(Original post by MadMonkey)
Hello there. Friend told me you replied to this. He practically lives on this forum.
Since I threw a rant at you, I'll follow up on your response to that rant. I know these aren't affirming comments, but seriously, I'm just communicating my honest opinion to you here. I'm not sugar coating it because I feel that being challenged on this benefits you more, regardless of what decision you have/plan to make.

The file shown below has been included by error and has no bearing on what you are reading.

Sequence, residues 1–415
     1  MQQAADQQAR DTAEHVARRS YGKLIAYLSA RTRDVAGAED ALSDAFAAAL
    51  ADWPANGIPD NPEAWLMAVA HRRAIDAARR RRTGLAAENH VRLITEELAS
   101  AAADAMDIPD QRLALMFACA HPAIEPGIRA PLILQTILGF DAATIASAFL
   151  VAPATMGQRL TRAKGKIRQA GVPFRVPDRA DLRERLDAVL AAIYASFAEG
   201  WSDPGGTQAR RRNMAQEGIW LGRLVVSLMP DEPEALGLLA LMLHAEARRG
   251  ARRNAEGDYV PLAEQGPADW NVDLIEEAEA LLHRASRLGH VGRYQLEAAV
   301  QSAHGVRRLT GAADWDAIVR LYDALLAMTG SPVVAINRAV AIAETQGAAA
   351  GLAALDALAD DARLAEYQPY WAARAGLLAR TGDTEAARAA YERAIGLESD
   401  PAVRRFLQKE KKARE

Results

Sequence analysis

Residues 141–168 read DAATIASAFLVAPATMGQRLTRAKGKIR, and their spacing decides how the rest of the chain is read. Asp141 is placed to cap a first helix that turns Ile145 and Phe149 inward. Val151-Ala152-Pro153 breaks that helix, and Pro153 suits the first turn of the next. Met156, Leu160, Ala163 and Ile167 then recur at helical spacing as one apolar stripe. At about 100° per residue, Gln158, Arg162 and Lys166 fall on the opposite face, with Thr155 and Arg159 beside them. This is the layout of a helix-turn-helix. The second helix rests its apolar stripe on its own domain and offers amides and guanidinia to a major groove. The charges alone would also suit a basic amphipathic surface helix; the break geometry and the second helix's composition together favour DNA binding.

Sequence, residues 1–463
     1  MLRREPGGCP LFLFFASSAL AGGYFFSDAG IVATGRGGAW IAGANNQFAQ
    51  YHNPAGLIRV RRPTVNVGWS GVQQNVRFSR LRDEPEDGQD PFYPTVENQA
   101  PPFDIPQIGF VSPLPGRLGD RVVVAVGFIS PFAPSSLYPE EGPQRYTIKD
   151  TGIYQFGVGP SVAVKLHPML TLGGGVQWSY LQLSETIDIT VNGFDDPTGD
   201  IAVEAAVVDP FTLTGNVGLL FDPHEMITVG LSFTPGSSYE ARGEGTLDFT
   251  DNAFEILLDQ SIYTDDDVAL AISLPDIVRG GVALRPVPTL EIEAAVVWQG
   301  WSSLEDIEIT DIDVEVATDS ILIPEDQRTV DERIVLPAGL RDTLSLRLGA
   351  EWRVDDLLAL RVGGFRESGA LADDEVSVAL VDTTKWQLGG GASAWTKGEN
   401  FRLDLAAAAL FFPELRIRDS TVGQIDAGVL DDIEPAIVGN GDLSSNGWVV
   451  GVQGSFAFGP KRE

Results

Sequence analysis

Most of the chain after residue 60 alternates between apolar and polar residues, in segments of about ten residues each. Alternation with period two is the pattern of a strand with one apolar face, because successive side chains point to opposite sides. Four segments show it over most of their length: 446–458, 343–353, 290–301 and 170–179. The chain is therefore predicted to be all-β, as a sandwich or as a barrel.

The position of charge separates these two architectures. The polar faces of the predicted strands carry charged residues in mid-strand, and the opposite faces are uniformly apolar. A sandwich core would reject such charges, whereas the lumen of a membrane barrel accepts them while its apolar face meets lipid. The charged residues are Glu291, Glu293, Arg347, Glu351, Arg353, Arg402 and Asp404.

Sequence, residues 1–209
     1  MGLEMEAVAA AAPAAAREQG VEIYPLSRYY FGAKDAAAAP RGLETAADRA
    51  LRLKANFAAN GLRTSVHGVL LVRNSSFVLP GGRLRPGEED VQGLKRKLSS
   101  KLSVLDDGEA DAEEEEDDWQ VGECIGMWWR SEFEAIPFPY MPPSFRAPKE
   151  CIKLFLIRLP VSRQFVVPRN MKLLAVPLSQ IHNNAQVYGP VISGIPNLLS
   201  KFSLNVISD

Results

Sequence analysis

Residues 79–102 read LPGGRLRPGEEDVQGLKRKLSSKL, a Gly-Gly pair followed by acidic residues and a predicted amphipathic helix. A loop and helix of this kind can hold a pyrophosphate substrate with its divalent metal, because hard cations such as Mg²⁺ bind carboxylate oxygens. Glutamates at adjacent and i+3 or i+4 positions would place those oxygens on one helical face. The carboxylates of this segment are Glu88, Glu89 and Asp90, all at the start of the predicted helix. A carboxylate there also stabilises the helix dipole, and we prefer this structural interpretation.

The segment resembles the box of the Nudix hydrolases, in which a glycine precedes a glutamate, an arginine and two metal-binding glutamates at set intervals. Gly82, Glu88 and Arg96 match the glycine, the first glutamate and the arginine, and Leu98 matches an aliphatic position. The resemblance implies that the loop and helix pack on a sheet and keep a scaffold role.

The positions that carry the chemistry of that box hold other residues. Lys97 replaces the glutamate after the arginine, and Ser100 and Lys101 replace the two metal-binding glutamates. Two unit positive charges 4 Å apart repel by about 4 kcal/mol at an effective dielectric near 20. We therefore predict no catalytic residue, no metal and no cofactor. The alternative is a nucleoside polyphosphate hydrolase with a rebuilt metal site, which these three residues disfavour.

Truth is I see a lot of girls (and guys) like you, really hellbent on veterinary medicine or human medicine and not really willing or capable of seeing anything else, and the rejection of it can break a person, especially if they manage to get in and find they weren't meant for it all along. A friend of a friend (to use the term loosely) decided to jump off his building when he found medicine wasn't for him in his first year, I don't really know why he did it, but from what I gathered, he'd wanted medicine his whole life and didn't know where to go. These courses are intense. I don't think you understand in till you've actually gone and done one. You get so involved that you can't fail, you can't quit, you spend your life doing it, and if it doesn't work out, call it grades, call it second thoughts. It can get to a person. You understand me?